As I stated before, Yotta Games, this game takes place in 1968. The game is steeped in the style of the ‘60s. Clothing, hairstyles, the music, the aesthetic are all very much of this era. You can overhear NPCs referring to the assassination of Martin Luther King Jr. I had NPCs tell me “You don’t belong here boy.” The game will throw up a visual indicator of when the police are watching you, even when you’re not committing a crime. I’d be lying if I said I’ve never felt the watchful eyes of someone on me solely because I have a certain skin color, if I said that, much like Lincoln Clay in New Bordeaux, I didn’t feel uncomfortable in rich white areas because I didn’t feel like I belonged or was wanted.
Player of previous version of RGTA suggested a great idea – jump ramp to Liberty Island. So it’s in the game. Just take very fast car and try to be accurate in targeting the ramp – go wrong speed or direction and you won’t land by the Statue of Liberty…you will fall into water. There’s a boat by the Liberty Island ready to get you back to Staunton (you must start new game – boat won’t be there if you load non-RGTA save mafia games).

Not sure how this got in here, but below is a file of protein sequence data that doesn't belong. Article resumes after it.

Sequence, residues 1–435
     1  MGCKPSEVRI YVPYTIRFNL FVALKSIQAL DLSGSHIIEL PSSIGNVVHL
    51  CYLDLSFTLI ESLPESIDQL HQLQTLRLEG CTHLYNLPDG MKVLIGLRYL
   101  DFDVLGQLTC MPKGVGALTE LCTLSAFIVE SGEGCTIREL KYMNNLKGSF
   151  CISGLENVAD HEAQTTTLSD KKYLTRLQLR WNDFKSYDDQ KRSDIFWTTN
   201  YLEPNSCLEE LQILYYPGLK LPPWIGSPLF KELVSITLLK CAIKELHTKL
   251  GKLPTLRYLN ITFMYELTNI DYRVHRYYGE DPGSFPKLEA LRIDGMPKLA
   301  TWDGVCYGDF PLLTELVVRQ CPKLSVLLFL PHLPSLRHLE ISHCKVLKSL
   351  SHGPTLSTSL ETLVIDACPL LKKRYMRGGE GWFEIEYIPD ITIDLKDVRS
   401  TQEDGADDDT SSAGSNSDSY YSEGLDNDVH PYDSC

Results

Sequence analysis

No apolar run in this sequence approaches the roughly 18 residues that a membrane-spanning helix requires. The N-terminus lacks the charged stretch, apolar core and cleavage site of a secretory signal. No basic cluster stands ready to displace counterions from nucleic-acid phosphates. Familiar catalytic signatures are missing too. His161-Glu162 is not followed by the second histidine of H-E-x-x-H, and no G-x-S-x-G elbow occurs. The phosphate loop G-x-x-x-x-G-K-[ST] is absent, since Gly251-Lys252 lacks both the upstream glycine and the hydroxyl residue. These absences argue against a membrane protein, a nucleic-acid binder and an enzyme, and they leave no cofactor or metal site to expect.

Trade the forex of your Google Pockets (Android)
It reflects in the end, too. Father James makes that impassioned speech to Lincoln saying, “When you got home, you were going to leave town. You can still do that.” Even at the very end, we let the player make a final determination of who Lincoln is. Does he leave town, or does he stay and rule the city?
We made sure they were comfortable with what we were doing, even when we were working on scenes that should naturally make you feel uncomfortable. The scenes with Santangelo, for example, maybe the most vile character in the game, we talked through those and made sure everybody felt like we weren’t going too far. So a lot of it was being conscious of what we were doing, but not trying to be overtly political. We had the attitude that if we tell a great story and create a great immersive experience, the game’s going to be memorable. If we create an experience that allows people to think about race in a new way, we’ve succeeded on top of that. But if we’d got up on a soapbox to preach at people, I think that would have just felt false.
Mafia City launched to mixed reviews, although it garnered some praise for its storyline.
Mafia City's in-game statement on its depiction of racism
Video mafia games have taken us to so many different times and places throughout history, from Renaissance Italy, to the beaches of Normandy (many, many times), all the way to the cocaine-fueled beaches of 1980s Miami.